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Coast Guard proposes new rule on cruise ship security

Apr 29, 2015 05:08 PM
The cruise ship Carnival Dream gets back underway after a 2014 medevac in the Gulf of Mexico off Louisiana. The U.S. Coast Guard has proposed a series of new rules governing cruise ship safety and security.

Courtesy U.S. Coast Guard

The cruise ship Carnival Dream gets back underway after a 2014 medevac in the Gulf of Mexico off Louisiana. The U.S. Coast Guard has proposed a series of new rules governing cruise ship safety and security.

A proposed rule is underway attempting to improve safety and security for Americans on cruise ships.

The U.S. Coast Guard’s proposal addresses issues such as systems to detect or record falls overboard, crime prevention and criminal evidence-gathering, response to and treatment of sexual assaults, height of deck rails and security guides.

The rulemaking started with the passage of the Cruise Vessel Security and Safety Act of 2010 (CVSSA), signed by President Obama. The rule implements the bill by amending passenger vessel regulations. The bill’s requirements apply to ships that sleep at least 250 passengers and that pick up or drop off passengers in the United States. It does not apply to vessels making coastal trips.

In passing that bill, Congress determined that sexual and physical assault were the top crimes investigated on cruise ships by the Federal Bureau of Investigation (FBI) in the previous five-year period. In addition, passengers can disappear from vessels and don’t understand their vulnerability to crime on cruise ships. They lack information about their legal rights or whom they contact after a crime. It is difficult for crime investigators to look into and document  crime scenes aboard vessels. Getting reliable data is difficult because multiple countries are involved when a crime occurs at sea.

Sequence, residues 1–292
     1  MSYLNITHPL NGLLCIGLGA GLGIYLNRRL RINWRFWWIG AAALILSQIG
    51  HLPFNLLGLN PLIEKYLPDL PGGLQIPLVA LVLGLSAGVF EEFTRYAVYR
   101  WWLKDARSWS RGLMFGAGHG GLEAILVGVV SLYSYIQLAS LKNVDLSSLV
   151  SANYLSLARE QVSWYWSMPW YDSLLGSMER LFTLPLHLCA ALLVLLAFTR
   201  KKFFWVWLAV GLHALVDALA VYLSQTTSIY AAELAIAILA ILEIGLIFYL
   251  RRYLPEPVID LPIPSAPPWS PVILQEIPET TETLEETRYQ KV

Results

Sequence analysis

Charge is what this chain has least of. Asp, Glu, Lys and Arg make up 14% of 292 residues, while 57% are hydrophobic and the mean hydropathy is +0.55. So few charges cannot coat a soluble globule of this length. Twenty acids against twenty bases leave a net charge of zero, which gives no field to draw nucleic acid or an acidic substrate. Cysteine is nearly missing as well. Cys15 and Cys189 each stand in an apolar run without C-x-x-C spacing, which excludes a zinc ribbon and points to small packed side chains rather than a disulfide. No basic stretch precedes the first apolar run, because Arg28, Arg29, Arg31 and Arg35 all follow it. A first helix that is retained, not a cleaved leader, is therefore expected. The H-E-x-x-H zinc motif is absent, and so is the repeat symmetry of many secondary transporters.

Many of the provisions of the bill are already in place and have been part of Coast Guard safety inspections. Examples include requirements for 42-inch-high deck-edge guard rails, peep holes, security latches and time-sensitive keys in every passenger and crew cabin and a security guide for passengers. There is a requirement for communication access for sexual assault victims including a private phone line and a computer with Internet access. Specific supplies and training must exist for medical staff responding to sexual assaults and limiting crew access to passenger rooms.

According to the proposal, 147 cruise vessels will be impacted with a cost to the industry and government of $79.1 million over 10 years. 

In 2013, 21.3 million people worldwide took cruises. Almost 11 million of those were Americans, according to Elinore Boeke, spokeswoman for Cruise Lines International Association (CLIA). This organization, which represents nearly 60 major cruise lines worldwide, declined to comment on specifics of the latest proposal.

 “We appreciate the Coast Guard putting forward this proposed rule for review, and CLIA and its members are evaluating it in detail,” Boeke said.

William Doherty, director of maritime relations at Nexus Consulting Group and ex-safety manager for Norwegian Cruise Lines, said the law is weak, with shortfalls in enforcement, financing and prosecution. 

“The rules are based on a sloppy foundation,” Doherty said. “There are no enforcement teeth in the law.”

Several specific sections of the proposed rule have raised concerns. One major issue is that the proposed training course for crime scene investigation is too short, according to some critics. The rule would require at least one crewmember to be trained in crime prevention, detection, evidence preservation and reporting. The U.S. Maritime Administration has begun certifying companies that will provide this training. This crewmember can be a mariner or a vessel security officer, but this is not a requirement.